Banks lower prime lending rates

The big banks dropped their prime lending rate late Tuesday, almost a week after the Bank of Canada cut its key lending rate. But they're not passing along the entire rate cut the central bank had announced.

Prime rate drops 0.15% to 2.85%, smaller cut than Bank of Canada made

Canada’s big banks had been reluctant to lower their prime lending rates following last week’s surprise cut in the Bank of Canada’s key lending rate. (Michelle Siu/Canadian Press)

The big banks dropped their prime lending rate late Tuesday, almost a week after the Bank of Canada cut its key lending rate. But they're not passing along the entire rate cut the central bank had announced. 

Royal Bank was the first of the big banks to cut its prime since last Wednesday's surprise rate cut by the central bank. Other banks later matched Royal's move.

The banks trimmed their primes by 0.15 of a percentage point to 2.85 per cent. The Bank of Canada had cut its key overnight rate by a quarter of a percentage point to 0.75 per cent.

"We believe our announcement is a balanced approach which reflects our actual cost of funds and helps clients save money on products such as variable-rate mortgages, lines of credit and floating-rate loans," RBC said in a statement.

"Our decision was driven by a number of factors, including our wholesale funding costs, the competitive, operating and macroeconomic environments, and the Bank of Canada’s recent rate decision and its impact on other market rates across the yield curve."

When prime rates fall, a whole range of floating interest rate loans like lines of credit and variable-rate mortgages fall in lock-step.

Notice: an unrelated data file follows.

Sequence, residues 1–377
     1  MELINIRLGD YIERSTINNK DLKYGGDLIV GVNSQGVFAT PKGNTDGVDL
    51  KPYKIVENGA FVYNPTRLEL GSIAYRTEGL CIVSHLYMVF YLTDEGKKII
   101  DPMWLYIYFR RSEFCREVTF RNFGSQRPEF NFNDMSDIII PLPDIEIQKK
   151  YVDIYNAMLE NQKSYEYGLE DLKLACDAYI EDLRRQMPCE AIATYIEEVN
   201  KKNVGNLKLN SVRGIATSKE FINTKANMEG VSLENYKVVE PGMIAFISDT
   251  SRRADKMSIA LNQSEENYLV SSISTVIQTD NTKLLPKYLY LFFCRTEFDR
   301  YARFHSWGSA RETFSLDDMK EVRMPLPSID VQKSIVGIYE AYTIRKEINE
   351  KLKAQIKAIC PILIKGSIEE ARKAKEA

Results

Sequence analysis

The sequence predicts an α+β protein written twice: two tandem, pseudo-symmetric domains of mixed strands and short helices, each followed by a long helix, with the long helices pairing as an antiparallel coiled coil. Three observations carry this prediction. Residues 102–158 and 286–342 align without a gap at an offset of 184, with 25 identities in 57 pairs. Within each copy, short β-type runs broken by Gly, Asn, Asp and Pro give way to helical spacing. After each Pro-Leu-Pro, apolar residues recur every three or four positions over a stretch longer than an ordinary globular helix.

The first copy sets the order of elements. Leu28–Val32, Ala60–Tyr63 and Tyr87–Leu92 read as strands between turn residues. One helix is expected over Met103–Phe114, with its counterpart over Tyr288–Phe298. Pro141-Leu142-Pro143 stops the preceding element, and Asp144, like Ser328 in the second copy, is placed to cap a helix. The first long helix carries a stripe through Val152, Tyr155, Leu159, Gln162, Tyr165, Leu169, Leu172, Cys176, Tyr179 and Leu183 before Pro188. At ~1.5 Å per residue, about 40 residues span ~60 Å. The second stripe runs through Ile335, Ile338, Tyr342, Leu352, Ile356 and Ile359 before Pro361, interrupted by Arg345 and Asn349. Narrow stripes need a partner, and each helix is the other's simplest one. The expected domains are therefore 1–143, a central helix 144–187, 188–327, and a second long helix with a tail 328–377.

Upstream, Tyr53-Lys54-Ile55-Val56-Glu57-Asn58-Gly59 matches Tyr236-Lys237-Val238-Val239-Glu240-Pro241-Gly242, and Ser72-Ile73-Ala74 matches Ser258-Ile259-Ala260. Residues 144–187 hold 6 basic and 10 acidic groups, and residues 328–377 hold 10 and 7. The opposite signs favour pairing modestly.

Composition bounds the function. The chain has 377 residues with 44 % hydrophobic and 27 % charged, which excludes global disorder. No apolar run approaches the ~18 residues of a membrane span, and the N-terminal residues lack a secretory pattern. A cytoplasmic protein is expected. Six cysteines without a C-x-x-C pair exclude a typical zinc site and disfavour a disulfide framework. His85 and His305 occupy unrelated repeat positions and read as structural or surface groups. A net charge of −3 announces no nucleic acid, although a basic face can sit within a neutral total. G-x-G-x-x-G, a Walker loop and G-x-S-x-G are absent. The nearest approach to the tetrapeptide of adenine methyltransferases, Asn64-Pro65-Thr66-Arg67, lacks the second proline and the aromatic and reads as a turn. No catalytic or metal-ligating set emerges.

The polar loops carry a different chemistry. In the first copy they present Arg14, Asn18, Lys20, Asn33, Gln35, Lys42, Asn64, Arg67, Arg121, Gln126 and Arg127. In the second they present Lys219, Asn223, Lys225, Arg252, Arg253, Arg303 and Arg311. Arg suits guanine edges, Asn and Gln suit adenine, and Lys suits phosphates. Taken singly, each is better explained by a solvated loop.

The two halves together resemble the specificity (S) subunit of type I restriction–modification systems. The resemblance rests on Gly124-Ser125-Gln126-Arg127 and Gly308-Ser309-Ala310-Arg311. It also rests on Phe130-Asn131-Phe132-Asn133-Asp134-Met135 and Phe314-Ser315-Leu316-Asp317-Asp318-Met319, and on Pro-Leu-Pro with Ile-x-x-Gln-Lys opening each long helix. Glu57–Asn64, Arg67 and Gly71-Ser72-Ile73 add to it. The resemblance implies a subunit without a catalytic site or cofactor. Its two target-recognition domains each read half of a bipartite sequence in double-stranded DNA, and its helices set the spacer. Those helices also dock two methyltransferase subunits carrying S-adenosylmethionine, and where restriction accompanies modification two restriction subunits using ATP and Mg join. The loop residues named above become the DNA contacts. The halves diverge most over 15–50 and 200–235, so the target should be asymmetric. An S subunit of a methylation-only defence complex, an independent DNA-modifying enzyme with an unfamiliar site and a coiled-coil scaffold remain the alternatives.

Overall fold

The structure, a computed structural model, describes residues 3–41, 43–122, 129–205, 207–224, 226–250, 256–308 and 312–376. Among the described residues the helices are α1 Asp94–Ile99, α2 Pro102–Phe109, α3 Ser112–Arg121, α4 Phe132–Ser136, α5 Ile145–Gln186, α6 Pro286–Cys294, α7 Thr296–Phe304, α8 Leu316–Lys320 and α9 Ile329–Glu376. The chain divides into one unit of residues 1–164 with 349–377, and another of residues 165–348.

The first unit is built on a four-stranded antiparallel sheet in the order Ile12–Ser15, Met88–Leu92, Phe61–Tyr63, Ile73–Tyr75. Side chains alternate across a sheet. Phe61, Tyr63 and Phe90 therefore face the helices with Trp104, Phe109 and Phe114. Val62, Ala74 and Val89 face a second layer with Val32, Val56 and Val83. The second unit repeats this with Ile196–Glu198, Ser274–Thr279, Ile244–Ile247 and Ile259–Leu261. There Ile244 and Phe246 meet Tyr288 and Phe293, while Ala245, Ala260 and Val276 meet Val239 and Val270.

Usually, when the Bank of Canada moves its key rate, prime rates quickly follow. But for six days, the banks didn't move their primes despite pressure from consumers looking for relief on their floating-rate loans.  

Fixed-rate mortgages heading down 

Fixed mortgage rates have already begun to drop slightly at many banks. But longer-term fixed-rate mortgages depend on the bond market, not the Bank of Canada’s overnight rate. With yields on longer-term bonds steadily falling and now at historic lows, it’s not surprising that fixed mortgages have begun to slide.

A five-year fixed mortgage now carries a posted rate of 4.79 or 4.84 per cent at several banks, down 0.10 or 0.15 of a percentage point over a week ago. Most borrowers will pay considerably less than the posted rates.

TD Bank, for example, on Tuesday lowered its “special fixed-rate offer” for a five-year closed mortgage by a fifth of a point to 3.09 per cent. Many smaller lenders and independent mortgage brokers can offer even lower fixed mortgage rates.

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